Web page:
How Much It Costs To Own a Duck
Ducks can be a fantastic addition to a small family farm. They are cute, come in a variety of colors and sizes, and get along with most other farm animals. But just like with any other addition to your farm, you have to ask the question, how much does it cost to own a duck?
From initial purchase through lifelong care, it costs as little as $50 per year to own a duck. However, ducks are social animals who must have a flock, so you can’t just keep one duck. In addition to the base costs of owning a duck, there are also one-time start-up costs and monthly and yearly recurring expenses.
By the end of this article, you’ll have the information you need to decide whether ducks are a good choice for you, how many you should purchase, and what kind!
Factors That Impact the Cost of Owning a Duck
There are many factors to consider when budgeting for your duck flock, including what breed of duck is best for your primary objective, one-time expenses such as building the brooder and pen, and some recurring expenses for things like feed and vet care.
The most important factor to decide on first is the breed of duck based on what purpose you want them to serve. Just like with chickens and cows, some duck breeds have been developed to produce more meat than others, while some are more efficient at producing eggs. And some have been bred to be more mild-mannered and are ideal for homesteads with children.
Additionally, some breeds that are most desirable for certain qualities can be more challenging to come by and therefore also more expensive.
Best Duck Breeds for Meat
The number one duck for meat is the heavy-bodied Pekin. They are one of the largest duck species and therefore produce the most meat per animal. They also grow very fast, are so common that they are quite inexpensive, and mix well with other ducks.
Moulard ducks, the sterile hybrid offspring of a Pekin female and Muscovy male often referred to as “mule ducks,” are a very close second to the Pekin. They are similar in size and their meat actually tastes better. These are harder to come by, however, since they’re a sterile hybrid species unable to breed. They may produce some eggs, but of course those won’t ever hatch.
Muscovy duck meat has about half as much surface fat as Pekin meat and again, a better flavor. Their meat is considered to be the leanest and therefore healthiest of duck meats, but they are poor egg layers. One plus side to these ducks besides their unique coloration is that they don’t quack. The most they can do is hiss, making them a good meat duck choice if you live near neighbors who don’t appreciate farm animal sounds.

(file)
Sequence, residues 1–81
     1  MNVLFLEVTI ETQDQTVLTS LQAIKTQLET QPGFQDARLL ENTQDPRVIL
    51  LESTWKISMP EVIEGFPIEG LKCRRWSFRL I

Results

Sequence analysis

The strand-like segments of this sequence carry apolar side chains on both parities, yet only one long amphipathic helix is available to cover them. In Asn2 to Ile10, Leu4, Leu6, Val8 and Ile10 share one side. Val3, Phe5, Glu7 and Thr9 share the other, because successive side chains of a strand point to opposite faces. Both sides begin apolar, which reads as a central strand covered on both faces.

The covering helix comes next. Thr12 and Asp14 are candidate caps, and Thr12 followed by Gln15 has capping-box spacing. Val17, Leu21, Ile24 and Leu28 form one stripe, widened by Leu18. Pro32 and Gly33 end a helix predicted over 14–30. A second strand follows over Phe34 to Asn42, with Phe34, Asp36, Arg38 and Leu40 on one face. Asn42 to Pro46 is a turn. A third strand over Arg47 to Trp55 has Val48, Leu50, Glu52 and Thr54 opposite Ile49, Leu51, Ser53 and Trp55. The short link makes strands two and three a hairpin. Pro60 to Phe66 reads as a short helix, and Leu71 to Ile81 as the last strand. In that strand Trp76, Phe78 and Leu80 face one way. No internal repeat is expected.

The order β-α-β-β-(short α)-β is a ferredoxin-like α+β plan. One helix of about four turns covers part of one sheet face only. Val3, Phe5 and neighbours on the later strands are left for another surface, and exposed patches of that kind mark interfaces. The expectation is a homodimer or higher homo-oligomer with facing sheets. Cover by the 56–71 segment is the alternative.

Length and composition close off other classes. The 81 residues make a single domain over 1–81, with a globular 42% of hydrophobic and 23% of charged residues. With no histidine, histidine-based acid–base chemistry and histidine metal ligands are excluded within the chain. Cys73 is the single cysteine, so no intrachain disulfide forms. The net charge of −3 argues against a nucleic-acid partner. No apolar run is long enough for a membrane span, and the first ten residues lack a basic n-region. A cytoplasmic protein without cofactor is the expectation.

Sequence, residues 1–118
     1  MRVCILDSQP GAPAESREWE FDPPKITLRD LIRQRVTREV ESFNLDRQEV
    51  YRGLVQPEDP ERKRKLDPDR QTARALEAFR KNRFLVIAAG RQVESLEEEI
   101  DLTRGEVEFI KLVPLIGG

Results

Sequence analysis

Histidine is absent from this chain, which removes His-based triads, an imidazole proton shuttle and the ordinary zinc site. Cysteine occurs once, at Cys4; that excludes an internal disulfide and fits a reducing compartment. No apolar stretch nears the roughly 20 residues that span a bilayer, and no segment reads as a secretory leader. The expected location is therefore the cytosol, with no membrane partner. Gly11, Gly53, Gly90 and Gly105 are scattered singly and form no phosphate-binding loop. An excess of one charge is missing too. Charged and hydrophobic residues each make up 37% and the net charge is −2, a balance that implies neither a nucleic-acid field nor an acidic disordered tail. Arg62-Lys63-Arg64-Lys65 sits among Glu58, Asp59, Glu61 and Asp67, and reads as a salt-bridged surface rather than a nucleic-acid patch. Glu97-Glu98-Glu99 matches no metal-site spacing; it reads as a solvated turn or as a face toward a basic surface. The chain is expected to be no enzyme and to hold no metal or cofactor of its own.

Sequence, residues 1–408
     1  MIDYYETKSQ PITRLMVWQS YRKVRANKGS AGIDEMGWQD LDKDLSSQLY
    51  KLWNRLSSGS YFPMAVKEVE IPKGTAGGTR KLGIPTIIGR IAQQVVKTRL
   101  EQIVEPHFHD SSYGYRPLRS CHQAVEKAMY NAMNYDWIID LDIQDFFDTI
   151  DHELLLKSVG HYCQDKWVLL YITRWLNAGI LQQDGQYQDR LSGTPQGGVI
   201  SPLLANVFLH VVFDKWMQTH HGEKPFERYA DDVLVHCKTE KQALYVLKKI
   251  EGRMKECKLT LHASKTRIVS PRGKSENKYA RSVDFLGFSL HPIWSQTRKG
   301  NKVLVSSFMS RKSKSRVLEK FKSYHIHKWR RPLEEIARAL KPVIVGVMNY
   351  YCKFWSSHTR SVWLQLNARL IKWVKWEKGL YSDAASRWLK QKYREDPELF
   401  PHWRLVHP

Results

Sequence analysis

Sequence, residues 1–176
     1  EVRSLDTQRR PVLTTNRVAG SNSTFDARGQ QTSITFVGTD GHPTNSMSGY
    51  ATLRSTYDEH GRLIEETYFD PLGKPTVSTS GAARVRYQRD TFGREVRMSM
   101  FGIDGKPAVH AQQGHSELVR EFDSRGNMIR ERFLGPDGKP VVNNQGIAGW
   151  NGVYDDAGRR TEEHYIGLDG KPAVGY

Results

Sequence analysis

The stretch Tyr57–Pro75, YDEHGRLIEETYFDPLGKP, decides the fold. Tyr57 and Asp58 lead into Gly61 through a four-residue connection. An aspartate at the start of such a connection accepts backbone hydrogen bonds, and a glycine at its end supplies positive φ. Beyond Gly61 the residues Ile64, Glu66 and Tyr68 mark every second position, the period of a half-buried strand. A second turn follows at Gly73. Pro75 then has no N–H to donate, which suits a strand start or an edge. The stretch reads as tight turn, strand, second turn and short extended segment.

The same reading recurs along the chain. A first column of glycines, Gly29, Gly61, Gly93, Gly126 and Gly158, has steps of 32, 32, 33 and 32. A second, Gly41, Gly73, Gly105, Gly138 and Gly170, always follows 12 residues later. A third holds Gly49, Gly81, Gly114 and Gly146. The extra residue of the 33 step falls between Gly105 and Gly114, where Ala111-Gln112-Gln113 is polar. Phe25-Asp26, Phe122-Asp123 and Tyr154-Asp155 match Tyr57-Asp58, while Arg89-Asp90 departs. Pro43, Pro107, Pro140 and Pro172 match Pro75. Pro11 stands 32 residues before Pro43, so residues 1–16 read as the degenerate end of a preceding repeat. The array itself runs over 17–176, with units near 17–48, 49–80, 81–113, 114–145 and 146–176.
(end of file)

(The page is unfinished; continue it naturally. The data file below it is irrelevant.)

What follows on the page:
Rouen ducks, commonly mistaken for mallards because of their coloring, produce a tasty, more fattening meat. They’re slightly smaller than Muscovies, but quite a bit larger than mallards. They lay a decent amount of eggs, but not quite enough to make them an excellent dual-purpose choice.
Best Duck Breeds for Eggs
Indian Runner Ducks are one of the top four most efficient egg producers. And they have their own unique look about them, too. Originally bred in Malaysia and China, these unusually up-right ducks were used to weed rice fields. They were considered “herding ducks” and were directed throughout the fields to eat the undesired plants.
These athletic ducks tend to lay 250+ eggs per year.
Khaki Campbell Layers are even more prolific than Indian Runners. This breed was originally refined by an English woman named Mrs. Campbell, who wanted a duck that could be an efficient layer as well as a good piece of meat since her family particularly enjoyed eating duck.
These khaki-colored ducks continue to be one of the most popular breeds for egg laying with their 300+ eggs per year production history.
Welsh Harlequin Layers were produced by selective breeding of Khaki Campbell individuals with a lighter, more attractive color pattern. The Welsh were the most successful with this endeavor, hence their name. While they are beautiful to look at, their ancestors didn’t bring extreme production efficiency with them into the line.
To enjoy the aesthetic of this breed, you’ll have to sacrifice several dozen eggs per year as these ducks only put out about 240 eggs on a yearly basis.